Following the M.S.S. v. Belgium and Greece ruling, all transfers to Greece are suspended where the person has not been provided with protection status there.

Sometimes, transfers can be suspended based on the individual circumstances of the case. This has been the case for certain transfers to Hungary and Italy. Sometimes this decision is made by a court otherwise by the Migration Agency as a result of a subsequent application.

To date, the Migration Agency has not suspended transfers to Hungary and still delivers Dublin decisions. In a ruling of 1 July 2016, the Migration Court of Appeal found there to be no systemic deficiencies in the Hungarian asylum or reception system, although on the facts of the case, a family with children, Sweden was nonetheless responsible given that it would be in the best interests of the children to remain in Sweden.14 In two earlier cases, however, the Migration Court of Stockholm, a lower instance to the Migration Court of Appeal, suspended transfers to Hungary on account of risks of refoulement stemming from accelerated procedures and the automatic application of the “safe third country” concept, as well as the risk of detention.15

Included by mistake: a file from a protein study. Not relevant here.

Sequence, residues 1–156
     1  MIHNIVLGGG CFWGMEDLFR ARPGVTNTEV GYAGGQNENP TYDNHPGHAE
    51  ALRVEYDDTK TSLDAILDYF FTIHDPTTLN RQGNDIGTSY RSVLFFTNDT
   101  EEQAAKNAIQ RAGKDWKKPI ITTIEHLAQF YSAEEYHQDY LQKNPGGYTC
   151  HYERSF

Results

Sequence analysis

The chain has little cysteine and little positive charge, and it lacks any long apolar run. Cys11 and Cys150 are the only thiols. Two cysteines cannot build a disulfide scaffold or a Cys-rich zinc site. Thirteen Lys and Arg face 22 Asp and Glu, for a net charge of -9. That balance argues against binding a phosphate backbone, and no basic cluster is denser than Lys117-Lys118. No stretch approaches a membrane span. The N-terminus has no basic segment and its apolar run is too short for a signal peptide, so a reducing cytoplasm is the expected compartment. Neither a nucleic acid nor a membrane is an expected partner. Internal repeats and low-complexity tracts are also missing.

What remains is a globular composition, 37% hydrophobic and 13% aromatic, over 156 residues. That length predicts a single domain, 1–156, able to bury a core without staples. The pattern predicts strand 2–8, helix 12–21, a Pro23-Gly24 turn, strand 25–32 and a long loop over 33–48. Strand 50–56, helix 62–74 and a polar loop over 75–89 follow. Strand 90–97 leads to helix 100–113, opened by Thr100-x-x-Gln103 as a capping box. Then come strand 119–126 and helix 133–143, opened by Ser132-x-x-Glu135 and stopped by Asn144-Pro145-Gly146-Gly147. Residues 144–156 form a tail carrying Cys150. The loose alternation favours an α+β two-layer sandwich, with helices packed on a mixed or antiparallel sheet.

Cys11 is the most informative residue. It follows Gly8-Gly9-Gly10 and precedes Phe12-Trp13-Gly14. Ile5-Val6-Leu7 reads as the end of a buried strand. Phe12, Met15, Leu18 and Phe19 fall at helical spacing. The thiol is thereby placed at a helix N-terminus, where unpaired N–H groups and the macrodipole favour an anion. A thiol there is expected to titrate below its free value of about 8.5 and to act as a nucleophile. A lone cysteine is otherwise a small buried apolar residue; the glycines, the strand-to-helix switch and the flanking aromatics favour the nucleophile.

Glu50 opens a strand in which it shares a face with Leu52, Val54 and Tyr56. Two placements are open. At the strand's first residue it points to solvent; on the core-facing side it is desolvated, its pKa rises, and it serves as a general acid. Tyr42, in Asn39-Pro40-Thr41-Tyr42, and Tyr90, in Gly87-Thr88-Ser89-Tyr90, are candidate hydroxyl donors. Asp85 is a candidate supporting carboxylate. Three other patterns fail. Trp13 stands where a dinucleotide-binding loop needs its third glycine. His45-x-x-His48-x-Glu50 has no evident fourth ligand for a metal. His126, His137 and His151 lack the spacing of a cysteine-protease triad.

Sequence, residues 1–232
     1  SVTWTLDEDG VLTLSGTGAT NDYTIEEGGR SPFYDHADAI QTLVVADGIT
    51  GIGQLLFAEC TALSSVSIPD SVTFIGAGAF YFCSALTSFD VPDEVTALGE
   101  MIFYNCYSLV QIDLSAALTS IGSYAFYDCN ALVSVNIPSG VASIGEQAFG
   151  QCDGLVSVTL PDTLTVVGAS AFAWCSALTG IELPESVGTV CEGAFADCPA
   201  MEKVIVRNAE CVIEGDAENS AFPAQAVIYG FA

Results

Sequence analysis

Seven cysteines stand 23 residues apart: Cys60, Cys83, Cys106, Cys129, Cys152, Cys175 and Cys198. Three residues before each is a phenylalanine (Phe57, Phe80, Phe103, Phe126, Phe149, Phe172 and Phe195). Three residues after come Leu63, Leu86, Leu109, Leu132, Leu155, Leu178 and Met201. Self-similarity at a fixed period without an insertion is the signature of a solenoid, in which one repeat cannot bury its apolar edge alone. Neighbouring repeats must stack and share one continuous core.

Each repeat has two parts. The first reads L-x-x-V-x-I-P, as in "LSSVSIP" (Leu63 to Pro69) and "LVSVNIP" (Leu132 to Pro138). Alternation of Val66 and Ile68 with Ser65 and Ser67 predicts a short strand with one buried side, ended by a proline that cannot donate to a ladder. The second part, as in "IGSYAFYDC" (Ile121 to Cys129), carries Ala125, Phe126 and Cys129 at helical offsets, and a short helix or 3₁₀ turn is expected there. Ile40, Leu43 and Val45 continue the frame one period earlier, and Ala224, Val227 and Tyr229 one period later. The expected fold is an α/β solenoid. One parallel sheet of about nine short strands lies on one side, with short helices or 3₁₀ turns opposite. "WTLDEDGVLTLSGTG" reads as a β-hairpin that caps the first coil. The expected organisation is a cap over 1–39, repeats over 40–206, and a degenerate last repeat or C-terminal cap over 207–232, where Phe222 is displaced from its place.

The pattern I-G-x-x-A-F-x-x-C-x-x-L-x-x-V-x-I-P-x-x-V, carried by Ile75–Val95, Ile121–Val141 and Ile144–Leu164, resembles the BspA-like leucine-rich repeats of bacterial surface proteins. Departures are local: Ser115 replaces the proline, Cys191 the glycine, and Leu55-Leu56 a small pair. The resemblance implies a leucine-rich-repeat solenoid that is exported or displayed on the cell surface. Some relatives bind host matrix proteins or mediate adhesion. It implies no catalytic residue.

Only 17 persons were forcibly removed from Sweden to Hungary during 2016 according to statistics from Kriminalvårdens transporttjänst. These were probably transferred before the Court of Appeal ruling. If the decisions to remove to Hungary are not carried out within six months then the case automatically becomes Sweden’s responsibility.


The situation of Dublin returnees

Dublin returnees with a final negative decision in Sweden can be taken into custody on arrival and measures taken to facilitate their removal. If their case is still pending in Sweden then they are placed in an accommodation centre near a point of departure. Their case will be handled in an Accelerated Procedure.